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Heat has been continuing. Watch out for heatstroke!


ReleaseJune 24, 2019

Make sure to avoid heatstroke from May to September

Heatstroke is the condition where your body temperature rises, causing a water-salt imbalance in your body and/or malfunction of temperature regulation, which results in several symptoms, such as dizziness, spasms, and headaches. Emergency transport to hospital due to heatstroke starts occurring when the highest temperature reaches 30 degrees Celsius and over and increases rapidly on extremely hot days with the highest temperature of 35 and above. In Japan, the number of people suffering from heatstroke usually increases during daytime in July and August when the highest temperature increases. However, it is a different pattern this year. While still in May, some people began to suffer from heatstroke. This is because some days were extremely hot for May, which never happened during recent years. If the temperature rises rapidly when our body is not used to the heat yet, the chance of getting heatstroke increases. Take it easy and let your body get used to the heat gradually.


Conditions and places where you are prone to get heatstroke

The following conditions and places pose a higher risk of heatstroke:
・A day with a high temperature
・A day with a high humidity
・A day with strong sunlight
・The day after a sweltering night
・A day with no or weak wind
・A place with a strong reflection of light
・A place with something hot nearby
・A day with a temperature spike

How to prevent heatstroke

(1) Sleep well
(2) Drink plenty of fluids even if you are not thirsty
(3) Take a rest frequently

Sport drinks and beverages with salt and sugar help smooth fluid absorption as well as supplying salt, which was excreted with sweat. Make sure to always bring a drink with you. If you feel tired, take an adequate rest and take care of yourself. It is also effective to use items which help cool down your body.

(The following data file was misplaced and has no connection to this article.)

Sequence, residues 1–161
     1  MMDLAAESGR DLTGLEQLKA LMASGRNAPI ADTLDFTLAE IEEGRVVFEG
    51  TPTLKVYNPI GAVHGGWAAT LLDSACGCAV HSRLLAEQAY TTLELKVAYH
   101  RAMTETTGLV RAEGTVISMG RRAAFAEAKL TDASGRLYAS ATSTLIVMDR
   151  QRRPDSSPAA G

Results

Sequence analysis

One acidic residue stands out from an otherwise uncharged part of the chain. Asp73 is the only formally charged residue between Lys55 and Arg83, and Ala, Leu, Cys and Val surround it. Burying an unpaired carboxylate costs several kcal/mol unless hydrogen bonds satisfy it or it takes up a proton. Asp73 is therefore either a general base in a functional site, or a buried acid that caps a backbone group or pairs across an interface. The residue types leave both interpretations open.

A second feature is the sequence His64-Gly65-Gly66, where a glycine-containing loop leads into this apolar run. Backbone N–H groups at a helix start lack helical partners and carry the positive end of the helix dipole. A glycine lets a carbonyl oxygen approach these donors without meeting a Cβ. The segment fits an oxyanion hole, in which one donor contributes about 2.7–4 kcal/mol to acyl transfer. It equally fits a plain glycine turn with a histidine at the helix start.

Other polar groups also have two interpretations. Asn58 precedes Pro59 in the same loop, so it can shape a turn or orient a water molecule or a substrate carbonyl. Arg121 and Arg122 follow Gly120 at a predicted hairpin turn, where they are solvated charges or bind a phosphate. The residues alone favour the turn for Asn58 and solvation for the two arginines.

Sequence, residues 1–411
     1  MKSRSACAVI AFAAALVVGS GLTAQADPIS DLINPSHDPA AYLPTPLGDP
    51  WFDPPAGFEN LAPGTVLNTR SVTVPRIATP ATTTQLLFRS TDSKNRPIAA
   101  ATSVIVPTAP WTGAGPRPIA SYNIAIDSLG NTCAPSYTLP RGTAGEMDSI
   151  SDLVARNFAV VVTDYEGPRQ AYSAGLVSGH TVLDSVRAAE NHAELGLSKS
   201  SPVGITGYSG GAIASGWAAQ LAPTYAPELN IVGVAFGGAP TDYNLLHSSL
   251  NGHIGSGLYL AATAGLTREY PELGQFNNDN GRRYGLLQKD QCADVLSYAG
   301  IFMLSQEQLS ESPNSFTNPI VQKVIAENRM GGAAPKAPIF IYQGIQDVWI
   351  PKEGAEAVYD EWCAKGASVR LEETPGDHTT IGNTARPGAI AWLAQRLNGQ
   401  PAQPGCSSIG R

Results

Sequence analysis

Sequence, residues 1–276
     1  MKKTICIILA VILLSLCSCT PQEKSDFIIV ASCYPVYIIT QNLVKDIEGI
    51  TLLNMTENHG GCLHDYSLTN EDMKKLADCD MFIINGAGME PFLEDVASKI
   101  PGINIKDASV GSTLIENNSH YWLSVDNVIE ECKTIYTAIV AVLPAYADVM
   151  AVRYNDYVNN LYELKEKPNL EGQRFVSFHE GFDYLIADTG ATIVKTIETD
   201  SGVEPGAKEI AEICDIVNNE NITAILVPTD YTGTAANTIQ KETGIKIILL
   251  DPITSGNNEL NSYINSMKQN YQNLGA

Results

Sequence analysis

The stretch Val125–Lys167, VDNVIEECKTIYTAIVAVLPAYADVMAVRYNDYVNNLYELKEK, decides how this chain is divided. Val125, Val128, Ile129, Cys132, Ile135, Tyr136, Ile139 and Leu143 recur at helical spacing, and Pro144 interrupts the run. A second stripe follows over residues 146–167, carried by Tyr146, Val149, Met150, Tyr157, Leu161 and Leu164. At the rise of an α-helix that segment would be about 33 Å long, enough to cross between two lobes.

If heatstroke is suspected

If a person experiences dizziness, eczema, muscle pain, heavy sweating, headache, nausea, fatigue, and/or impairment of consciousness, you should suspect heatstroke.
Here is how to manage the situation:

When a person is conscious:
(1) Move to a cool place quickly, loosen clothes, and cool down the body.
(2) Drink fluids.
(3) Keep quiet, take a rest, and wait for recovery.
If the symptoms are not relieved, please visit a medical facility.

If a person is unconscious:
(1) Quickly call an ambulance.
(2) While waiting for an ambulance to arrive, move the person to a cool place and cool down the body using water and wet towels. Do not try to make the person drink water when he/she is unconscious.
(3) Get medical attention at a medical facility.


Please refer to “Guide for Ambulance Services” (by Fire and Disaster Management Agency) for foreign visitors.

“Guide for Ambulance Services (pamphlet)” is available in English, Chinese (simplified), Chinese (traditional), Korean, Italian, French, and Thai.

Watch out for heatstroke, and have a great trip!